by bruh21 2007-02-22 12:00PM | 0 recs
Re: Willis' piece undercuts Wallis' broad claims

I can't find the article you're referring to, but it's important to keep in mind which Baptists we're talking about here. The Baptists are not structured the same way most other Christian denominations are. The difference between the Southern and Northern baptists is significant by itself, and there have been a number of incidents in recent decades where more moderate churches have broken away from the Southern Baptist Conference.

by Silent sound 2007-02-22 12:38PM | 0 recs
Re: Willis' piece undercuts Wallis' broad claims

i agree- i grew up baptist. not sure where i saw it either read and write on the fly at work sorry

by bruh21 2007-02-22 01:04PM | 0 recs
Re: Willis' piece undercuts Wallis' broad claims

Not all Baptists have abandoned their separationist roots:

http://www.bjconline.org

by lurker7 2007-02-24 10:16AM | 0 recs
Re: Willis' piece undercuts Wallis' broad claims

thank you for the link. I've been telling this GOP person at work this exact fact. That the modern Baptist movement has nothing to do with what it was like when I was a member of the Baptist church back in the 70s and 80s. That we were extremely anti mixing church and state, and that this modern stuff seems to be something completely out of GOP talking points rather than the faith's traditions.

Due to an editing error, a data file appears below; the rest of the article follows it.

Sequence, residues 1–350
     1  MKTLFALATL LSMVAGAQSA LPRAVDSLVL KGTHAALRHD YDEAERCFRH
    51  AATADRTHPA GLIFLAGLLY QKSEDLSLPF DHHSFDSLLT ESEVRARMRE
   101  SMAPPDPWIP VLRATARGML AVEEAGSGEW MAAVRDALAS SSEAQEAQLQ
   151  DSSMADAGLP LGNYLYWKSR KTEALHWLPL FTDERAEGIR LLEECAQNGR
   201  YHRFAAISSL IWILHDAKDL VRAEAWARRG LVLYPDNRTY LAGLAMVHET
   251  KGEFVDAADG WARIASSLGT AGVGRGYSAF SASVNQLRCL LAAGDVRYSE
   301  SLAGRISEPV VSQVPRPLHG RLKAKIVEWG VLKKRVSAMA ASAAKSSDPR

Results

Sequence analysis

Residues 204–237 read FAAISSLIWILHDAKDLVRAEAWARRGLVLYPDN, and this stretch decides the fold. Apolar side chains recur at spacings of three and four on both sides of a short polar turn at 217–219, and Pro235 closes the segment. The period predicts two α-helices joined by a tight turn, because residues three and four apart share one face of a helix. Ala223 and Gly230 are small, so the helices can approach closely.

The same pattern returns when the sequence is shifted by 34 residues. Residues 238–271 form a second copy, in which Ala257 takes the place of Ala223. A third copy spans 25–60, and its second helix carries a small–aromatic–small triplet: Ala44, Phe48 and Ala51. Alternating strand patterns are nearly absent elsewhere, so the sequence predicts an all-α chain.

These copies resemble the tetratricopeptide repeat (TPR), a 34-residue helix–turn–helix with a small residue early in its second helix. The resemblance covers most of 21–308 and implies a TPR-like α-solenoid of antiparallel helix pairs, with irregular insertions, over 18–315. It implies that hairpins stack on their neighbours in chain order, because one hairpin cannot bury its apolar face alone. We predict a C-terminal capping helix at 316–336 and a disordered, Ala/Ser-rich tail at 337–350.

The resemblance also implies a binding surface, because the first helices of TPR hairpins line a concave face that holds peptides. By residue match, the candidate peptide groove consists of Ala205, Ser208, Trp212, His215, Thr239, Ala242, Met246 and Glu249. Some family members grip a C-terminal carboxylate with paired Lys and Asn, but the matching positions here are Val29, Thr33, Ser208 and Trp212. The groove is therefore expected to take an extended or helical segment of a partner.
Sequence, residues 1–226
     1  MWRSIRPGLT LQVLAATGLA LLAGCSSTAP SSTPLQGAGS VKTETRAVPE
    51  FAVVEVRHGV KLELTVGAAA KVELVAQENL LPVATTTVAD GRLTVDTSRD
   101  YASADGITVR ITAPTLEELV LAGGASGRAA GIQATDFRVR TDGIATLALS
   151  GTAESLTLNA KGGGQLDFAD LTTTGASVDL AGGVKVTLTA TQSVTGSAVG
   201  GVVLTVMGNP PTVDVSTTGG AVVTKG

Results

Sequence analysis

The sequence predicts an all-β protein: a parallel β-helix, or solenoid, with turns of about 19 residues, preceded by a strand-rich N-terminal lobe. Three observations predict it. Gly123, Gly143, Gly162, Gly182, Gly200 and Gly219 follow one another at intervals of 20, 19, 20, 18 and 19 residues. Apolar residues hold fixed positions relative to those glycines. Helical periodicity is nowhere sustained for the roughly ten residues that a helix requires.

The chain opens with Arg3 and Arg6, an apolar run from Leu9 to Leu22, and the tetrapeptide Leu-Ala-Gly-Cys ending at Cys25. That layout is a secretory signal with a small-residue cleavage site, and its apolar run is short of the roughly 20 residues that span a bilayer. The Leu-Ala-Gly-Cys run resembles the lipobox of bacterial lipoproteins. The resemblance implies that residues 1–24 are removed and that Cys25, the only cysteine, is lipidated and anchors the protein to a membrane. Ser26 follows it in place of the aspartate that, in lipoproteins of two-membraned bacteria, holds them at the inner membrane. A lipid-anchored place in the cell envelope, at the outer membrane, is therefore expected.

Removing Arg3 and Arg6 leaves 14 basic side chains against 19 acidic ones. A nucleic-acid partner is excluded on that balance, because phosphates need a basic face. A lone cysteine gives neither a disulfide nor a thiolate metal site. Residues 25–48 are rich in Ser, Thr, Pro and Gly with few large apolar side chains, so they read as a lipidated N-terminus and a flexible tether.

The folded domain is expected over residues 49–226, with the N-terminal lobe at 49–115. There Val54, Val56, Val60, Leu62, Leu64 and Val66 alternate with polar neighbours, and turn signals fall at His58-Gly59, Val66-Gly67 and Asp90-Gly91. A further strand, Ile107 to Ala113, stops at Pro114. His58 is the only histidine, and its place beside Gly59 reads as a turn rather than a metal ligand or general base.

by bruh21 2007-02-25 06:44AM | 0 recs
Re: Jim Wallis Continues to Reinforce

I find it fascinating you would link to an article about African Americans to prove Walis right since at base Walis is talking about white Evangelicals not African Americans. Despite being heavily Christian 85 to 90 percent (it fluctuates election to election without any clear reason why since Clinton got less than Gore, and Gore got more than Kerry) of African Americans vote Democratic. Although not as high for Latinos it is still more Latinos who are Catholic voting Democratic. We got these votes regardless of the religious speak that Walis claims is necessary.